The recent discovery of Quagga mussels at Lake Mead and Lake Havasu is prompting water district officials to initiate measures to prevent further Quaggas outbrbeaks.
Although they are hardly noticeable, these destructive mollusks play havoc with pipelines, docks and cooling systems on boats. Most alarmingly, they upset the food chain in a lake by consuming phytoplankton. In fact, even a moderate infestation of Quaggas can cause a 60 percent reduction in the local fishery.
Boaters should be aware that officials at many lakes are taking steps to protect the environment. For example, at Lake Irvine in Orange County, all private boats must be inspected prior to launching. And at Lake Casitas in Ventura County, boaters must now fill out a questionnaire, stating where the boat has been in the past 30 days; if they were used on lakes that have been infested, they are not allowed on the lake.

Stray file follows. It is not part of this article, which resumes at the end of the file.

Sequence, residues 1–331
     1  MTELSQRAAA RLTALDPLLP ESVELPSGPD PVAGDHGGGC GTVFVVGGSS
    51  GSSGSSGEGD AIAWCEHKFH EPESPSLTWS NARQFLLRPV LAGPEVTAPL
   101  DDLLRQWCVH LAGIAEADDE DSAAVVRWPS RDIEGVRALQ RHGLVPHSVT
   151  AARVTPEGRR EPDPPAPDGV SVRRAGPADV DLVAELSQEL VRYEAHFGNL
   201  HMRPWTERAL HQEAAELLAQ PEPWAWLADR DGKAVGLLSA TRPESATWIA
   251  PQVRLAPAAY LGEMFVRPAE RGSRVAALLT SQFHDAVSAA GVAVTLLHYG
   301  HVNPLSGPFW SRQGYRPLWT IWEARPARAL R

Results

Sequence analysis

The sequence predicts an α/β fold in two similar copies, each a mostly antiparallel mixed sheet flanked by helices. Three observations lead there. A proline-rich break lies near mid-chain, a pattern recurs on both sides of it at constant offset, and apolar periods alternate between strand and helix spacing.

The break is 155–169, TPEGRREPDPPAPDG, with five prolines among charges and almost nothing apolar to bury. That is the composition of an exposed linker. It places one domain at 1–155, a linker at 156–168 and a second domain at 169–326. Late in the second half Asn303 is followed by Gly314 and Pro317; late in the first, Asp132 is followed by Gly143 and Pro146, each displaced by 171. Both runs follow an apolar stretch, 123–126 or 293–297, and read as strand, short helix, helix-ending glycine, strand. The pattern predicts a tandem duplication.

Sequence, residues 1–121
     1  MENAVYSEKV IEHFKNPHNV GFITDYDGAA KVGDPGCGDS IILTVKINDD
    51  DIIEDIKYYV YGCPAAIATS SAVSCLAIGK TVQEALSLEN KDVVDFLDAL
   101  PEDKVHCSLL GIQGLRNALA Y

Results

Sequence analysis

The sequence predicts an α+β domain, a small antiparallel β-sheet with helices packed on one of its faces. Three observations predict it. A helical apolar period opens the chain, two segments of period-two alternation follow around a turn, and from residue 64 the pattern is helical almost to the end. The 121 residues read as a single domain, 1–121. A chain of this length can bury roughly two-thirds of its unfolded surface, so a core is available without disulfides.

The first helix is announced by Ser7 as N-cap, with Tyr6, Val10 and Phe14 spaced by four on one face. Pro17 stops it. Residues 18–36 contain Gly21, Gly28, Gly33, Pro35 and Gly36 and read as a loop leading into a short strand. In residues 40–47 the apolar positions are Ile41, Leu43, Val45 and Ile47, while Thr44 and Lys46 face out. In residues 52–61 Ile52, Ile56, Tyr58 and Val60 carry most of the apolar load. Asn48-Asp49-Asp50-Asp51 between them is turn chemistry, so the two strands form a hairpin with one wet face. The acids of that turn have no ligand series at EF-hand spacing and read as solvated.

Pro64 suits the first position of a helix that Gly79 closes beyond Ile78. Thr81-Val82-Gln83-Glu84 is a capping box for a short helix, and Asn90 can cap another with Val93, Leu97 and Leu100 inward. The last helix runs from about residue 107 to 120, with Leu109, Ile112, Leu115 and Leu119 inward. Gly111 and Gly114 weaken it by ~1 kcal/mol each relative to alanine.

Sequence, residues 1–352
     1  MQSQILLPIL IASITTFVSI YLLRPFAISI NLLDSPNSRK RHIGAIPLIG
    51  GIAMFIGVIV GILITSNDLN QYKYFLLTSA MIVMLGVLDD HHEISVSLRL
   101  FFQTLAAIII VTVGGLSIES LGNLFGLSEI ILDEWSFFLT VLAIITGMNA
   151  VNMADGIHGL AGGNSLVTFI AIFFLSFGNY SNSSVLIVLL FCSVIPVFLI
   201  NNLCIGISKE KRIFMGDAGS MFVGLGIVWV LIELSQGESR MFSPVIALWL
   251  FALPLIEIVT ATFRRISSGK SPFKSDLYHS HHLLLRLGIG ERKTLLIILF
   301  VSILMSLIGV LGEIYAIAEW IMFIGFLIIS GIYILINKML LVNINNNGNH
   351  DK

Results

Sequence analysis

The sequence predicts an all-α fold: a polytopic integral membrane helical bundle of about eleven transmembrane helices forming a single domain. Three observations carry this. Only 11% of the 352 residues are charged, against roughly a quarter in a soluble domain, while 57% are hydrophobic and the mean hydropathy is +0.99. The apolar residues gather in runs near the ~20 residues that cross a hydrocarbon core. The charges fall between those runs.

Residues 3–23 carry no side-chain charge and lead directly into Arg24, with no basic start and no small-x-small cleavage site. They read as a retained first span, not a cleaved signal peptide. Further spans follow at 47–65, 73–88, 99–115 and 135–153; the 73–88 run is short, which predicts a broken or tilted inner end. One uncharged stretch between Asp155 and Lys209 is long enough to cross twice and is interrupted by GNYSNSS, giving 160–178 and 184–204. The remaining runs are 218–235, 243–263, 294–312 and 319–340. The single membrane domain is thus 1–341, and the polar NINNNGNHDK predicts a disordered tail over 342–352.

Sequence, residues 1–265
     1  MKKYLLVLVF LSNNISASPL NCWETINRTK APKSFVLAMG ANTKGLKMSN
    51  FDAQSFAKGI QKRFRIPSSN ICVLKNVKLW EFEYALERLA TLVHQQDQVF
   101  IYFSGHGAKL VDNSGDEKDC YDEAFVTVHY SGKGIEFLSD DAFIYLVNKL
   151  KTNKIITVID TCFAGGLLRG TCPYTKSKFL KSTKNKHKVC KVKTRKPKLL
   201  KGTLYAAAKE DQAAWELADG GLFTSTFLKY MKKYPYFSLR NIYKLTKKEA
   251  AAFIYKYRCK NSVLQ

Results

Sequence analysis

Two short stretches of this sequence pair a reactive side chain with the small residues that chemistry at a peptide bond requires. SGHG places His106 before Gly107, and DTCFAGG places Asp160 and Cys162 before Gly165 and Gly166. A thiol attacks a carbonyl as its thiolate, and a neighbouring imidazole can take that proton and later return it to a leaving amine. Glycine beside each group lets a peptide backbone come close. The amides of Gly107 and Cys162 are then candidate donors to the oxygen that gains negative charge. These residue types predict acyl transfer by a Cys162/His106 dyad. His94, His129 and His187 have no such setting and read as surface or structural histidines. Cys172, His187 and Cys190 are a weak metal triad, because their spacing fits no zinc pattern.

For the time being, the new slogan at Southern California lakes is "clean and dry", referring to the fact that boaters keep their boat hulls and bottoms clean and that all bilge water should be drained before coming to the lake the next time.
The Department of Fish and Game has established a Quagga/zebra mussel toll-free hotline (866) 440-9530 to answer questions from the public. It is also in the process of conducting training sessions around the state on how to inspect boats for the mussels.
Content courtesy of Southern California Marine Association.